Archive for the ‘Blogging’ Category

In the immortal words of Father Jack Hackett…

March 25, 2013

180px-Jack_award“Award! Award! Award!”

To be more specific: I found out a few weeks ago that I’ve been awarded the Royal Meteorological Society‘s (RMetS) Michael Hunt Award, which is “for excellence in increasing the understanding of meteorology or its applied disciplines among members of the general public”. Get me!

And don’t worry, I’m sure it wasn’t given to me for this blog, which has only rarely been updated in the last year or so – I blame having kids and my change from postdoc to lecturer, which have occurred since I started blogging. I also do other outreach/public engagement things like school visits, Skeptics in the Pub talks, science festival events and wotnot. It’s usually a lot of fun and to get an award for doing it is great!

Oddly enough, though, my previous post on this blog was slightly critical of a recent RMetS Meeting on climate change communication; I’m glad that they didn’t hold that against me!

So, to continue that theme, I thought I’d make another couple of points about RMetS and how it communicates with the outside world…

Most of RMetS’ effort goes into their meetings and publications, which are excellent for academics but what about everyone else?

I know that they run events in schools and at science festivals, which is great.

The previous RMetS Chief Exec had a blog for a while (it was quite fun, I enjoyed the posts about his watch) and it’s now become a more general society blog but I think that there’s still room in the weather and climate blogosphere (ugh, never though I use that word seriously) for coverage of big issues. For example, The Carbon Brief has only been going since 2011ish and it has become an excellent resource. Whilst I suspect that RMetS want to keep it a bit more light-hearted, there’s still some low hanging fruit here that I’m sure RMetS could grab. Even the columns in the (recently departed) “theWeather” magazine would have made excellent blog posts that I’m sure would get widely read but they were never (as far as I know) made available online.

I loved “theWeather” magazine and it even won an award or two but, given the way that publishing and reading habits are changing, perhaps it wasn’t the time to launch a subscription only print magazine.

I just hope that the RMetS can find more of a place online where most people do their communicating these days, particularly in terms of climate change. (Whether that’s a good thing is another matter!)

What I would do is set up a network of early career meteorologists, climatologists, oceanographers etc. to run a collaborative blog on the RMetS website. One of the most interesting and exciting things I’ve done outreach-wise was the EPSRC-funded (now EPSRC-non-funded) NOISEmakers ambassadors scheme. It was great meeting up with scientists that you wouldn’t normally work with and discuss ideas (perhaps a little bit like the JASONs but not as serious!) In my case, this led to writing some nice general audience pieces, starting my own blog, networking with other people about communication and even working on papers and research proposals with people I met through NOISEmakers.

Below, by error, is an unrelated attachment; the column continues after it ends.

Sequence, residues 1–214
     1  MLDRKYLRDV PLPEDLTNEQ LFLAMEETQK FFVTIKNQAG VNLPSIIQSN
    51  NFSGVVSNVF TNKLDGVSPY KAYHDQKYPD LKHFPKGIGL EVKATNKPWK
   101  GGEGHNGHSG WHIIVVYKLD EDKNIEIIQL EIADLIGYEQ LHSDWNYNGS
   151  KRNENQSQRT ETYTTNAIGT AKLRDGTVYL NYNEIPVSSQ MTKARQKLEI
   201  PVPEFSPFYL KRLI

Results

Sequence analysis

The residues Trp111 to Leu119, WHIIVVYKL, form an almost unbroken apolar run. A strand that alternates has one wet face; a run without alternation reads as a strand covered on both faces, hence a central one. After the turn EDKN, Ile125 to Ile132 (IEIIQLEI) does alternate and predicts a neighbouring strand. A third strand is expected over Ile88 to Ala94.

Finally, I also thought I should find out who Michael Hunt was and found this clip on youtube, you can see Hunt at 3.39, he’s got a good look!

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Communicating Climate Science (but don’t mention the b-word)

November 8, 2012

Blog.

There, I said it.

Which, as far as I can remember, is more than it was mentioned in the 7 talks or during the panel discussion at yesterday’s RMetS meeting on Communicating Climate Science.

Just to re-iterate, in a 3 hour meeting about Communicating Climate Science I don’t remember anyone saying the word “blog”.

Also to be clear, I thought the meeting was really interesting and well worth going to to. But, looking back on the event, I’m amazed that I don’t think anyone mentioned the impact of blogging on climate science communication, how it could be used better by the community or even that it exists.

Which is odd because two of the speakers are very good bloggers (Alice Bell and Adam Corner) and I noticed a few in the audience (e.g. Tamsin Edwards and Bob Ward, who seems like a blogger without a blog, unless I’ve missed it!)

So, did anyone else notice this or did I just nod off at the wrong moment?

A little bit more on BEST and Watts

March 31, 2011

I wrote a short post recently about the hot air surrounding the new surface temperature record being compiled at Berkeley.

One of the issues was the data sample that was used in preliminary BEST analysis that was being discussed.

UPDATE (31/3/2011 11:58am): Carbon Brief have some graphs to show how similar the 2% sample is to NOAA, GISS and HadCRU.

It seems that Watts was mistaken about the 2% sample of BEST data being from Japan. He updated his post in the last few days:

“ERRATA: I made a mistake regarding the 2% figure, I misheard what was being presented during my visit with the BEST team at Berkeley. As many of you may know I’m about 80% hearing impaired and the presentation made to me was entirely verbal with some printed graphs. Based on the confidentiality I agreed to, I did not get to come back with any of those graphs, notes, or data so I had to rely on what I heard. I simply misheard and thought the 2% were the Japan station analysis graphs that they showed me.

I was in touch with Dr. Richard Muller on 3/28/2011 who graciously pointed out my misinterpretation. I regret the error, and thus issue this correction about the 2% figure being truly a random sample, and not just stations in the Japan test presentation shown to me.”

It’s just a shame that he didn’t notice the contradiction between the BEST statement (“random”) and his own understanding (“Japan”) before writing his post and shouting down commenters asking for clarification (i.e. “Ah I see you are immediately back to wasting everyone’s time…“).

RealClimate libel threat

February 22, 2011

The publishers of the journal Energy & Environment have threatened libel action against the RealClimate blog because of remarks they made about the peer review process in E&E.

The key quote that upset them, from this post, was:

“The evidence for this is in precisely what happens in venues like E&E that have effectively dispensed with substantive peer review for any papers that follow the editor’s political line.”

I think it is somewhat cowardly of E&E to threaten this libel action as it is often used to silence critics when their arguments can’t be refuted with evidence (see the RealClimate post for examples and then go and sign the petition to reform English libel laws).